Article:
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6 June 1872

Sam Hooker went east from the Choctaw Nation into Arkansas an hour after sunrise. Only his knowledge of the scrub oak, rocky hills, and still-trickling creeks marked the boundary. If he had been on an official mission, that knowledge would have forced him to stop. Members of the Choctaw Lighthorse had no authority outside the Nation.

But this was not an official mission. This was a vendetta.

He reined in the big sorrel and sat easily, studying a trail a boy could have followed.

A vendetta against him.

Its roots had remained hidden in mystery for two days but its existence was as clear as the trail he followed. And its fruits?

Sam pulled a scrap of fine white cotton fabric from his shirt pocket. He had plucked this bit of cloth from a tree branch at the start of his journey. Although he had never seen it before, he recognized the delicate embroidery as part of a woman's petticoat.

Sam stuffed the fabric back into his shirt pocket.

The fruits of this vendetta were something he couldn't yet consider.

He was meant to follow this trail; that much was apparent. And follow it he would, in his own way, at a pace some suspected but few believed. And the devil take those who led him on this chase. A grim smile barely twisted his features. Those he followed would prefer the devil's retribution to that with which he would repay them.

He stopped again at noon to rest his horse and compose his thoughts. The trail was getting fresher. Tonight he would be upon them.

Twice during the day he had become aware of other men behind him. From the vantage point of a rocky bluff, he focused a long field glass and looked back: Army. Six men.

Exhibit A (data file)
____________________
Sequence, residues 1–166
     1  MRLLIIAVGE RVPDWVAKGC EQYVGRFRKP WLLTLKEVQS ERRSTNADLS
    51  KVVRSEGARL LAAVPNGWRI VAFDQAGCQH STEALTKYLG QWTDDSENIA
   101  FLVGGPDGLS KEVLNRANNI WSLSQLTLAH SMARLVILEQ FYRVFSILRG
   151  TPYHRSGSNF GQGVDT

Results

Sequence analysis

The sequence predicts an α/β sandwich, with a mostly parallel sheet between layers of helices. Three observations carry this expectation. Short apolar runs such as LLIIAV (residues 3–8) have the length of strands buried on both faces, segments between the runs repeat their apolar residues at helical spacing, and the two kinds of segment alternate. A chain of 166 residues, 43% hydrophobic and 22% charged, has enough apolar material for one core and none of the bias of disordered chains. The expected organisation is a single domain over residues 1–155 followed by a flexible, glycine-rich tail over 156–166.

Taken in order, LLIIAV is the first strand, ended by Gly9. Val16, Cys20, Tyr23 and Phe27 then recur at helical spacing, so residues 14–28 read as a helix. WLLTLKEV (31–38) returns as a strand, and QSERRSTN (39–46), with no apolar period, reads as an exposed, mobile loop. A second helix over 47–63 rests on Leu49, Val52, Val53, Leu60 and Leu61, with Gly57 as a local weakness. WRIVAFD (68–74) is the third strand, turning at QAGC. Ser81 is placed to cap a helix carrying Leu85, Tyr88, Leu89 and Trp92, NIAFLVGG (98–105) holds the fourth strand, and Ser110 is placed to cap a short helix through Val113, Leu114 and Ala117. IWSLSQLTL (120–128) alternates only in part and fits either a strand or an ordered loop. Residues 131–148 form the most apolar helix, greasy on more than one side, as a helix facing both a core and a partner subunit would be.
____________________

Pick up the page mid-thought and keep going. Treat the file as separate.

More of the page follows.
Probably following the same vermin he followed. They hadn't been too concerned about Indian national boundaries either.

Sam calculated the distance between them. He wondered briefly if they would be help or hindrance and then decided he had no choice. There were five men in the party he followed, five men and one woman. He had no doubt he could kill all five men, but could he do so without putting the woman at even greater risk?

And could he stand to wait until he felt he had a chance of bringing her out alive, knowing what would be happening to her while he waited?

He made no fire that night, letting whoever looked back think that the army's fire was his. He gave the soldiers time to fill their bellies and then rode slowly, openly, up to their lone sentry.

"I want to speak to the officer in charge."

"Holy hell! Where did you come from, mister?" The young sentry's voice shook and his hands tightened on his rifle.

"Easy, soldier. I'm not a threat to you. I want to speak to the officer in charge."

"What's the problem, Private?"

The officer materialized behind the sentry, gun drawn and aimed at Sam's midsection, as quietly as Sam himself could have.

Sam nodded, both in appreciation of the stealth and in recognition of the man. He'd fought with him in the war against the North. It seemed strange to see him now in Union blue, strange to see only lieutenant's bars on his collar, strange to see a tactician like him herding green troops after offal. But this man was another old wolf like himself; they could deal.

He left the army camp two hours after midnight with the promise of an hour's head start and the knowledge that the five men ahead had robbed the train at Limestone Gap, killing the two soldiers on guard and escaping with an army payroll destined for Texas.

He left the camp with the memory of his private conversation with the lieutenant.

"Just tell me why you need the time. Give me a reason to let you go in ahead."

"Because they may have your gold," Sam told him, "but they've got my woman."

The lieutenant paled and sat silent for seconds. "It might be more merciful to wait and go in with us. To let her die. After three days there won't be much left of her."

"There will be life, " Sam told him.

Now, as he reined his horse to the south to begin the circuitous route to the outlaws' camp, he looked up at the stars.

"There will be life," he swore.


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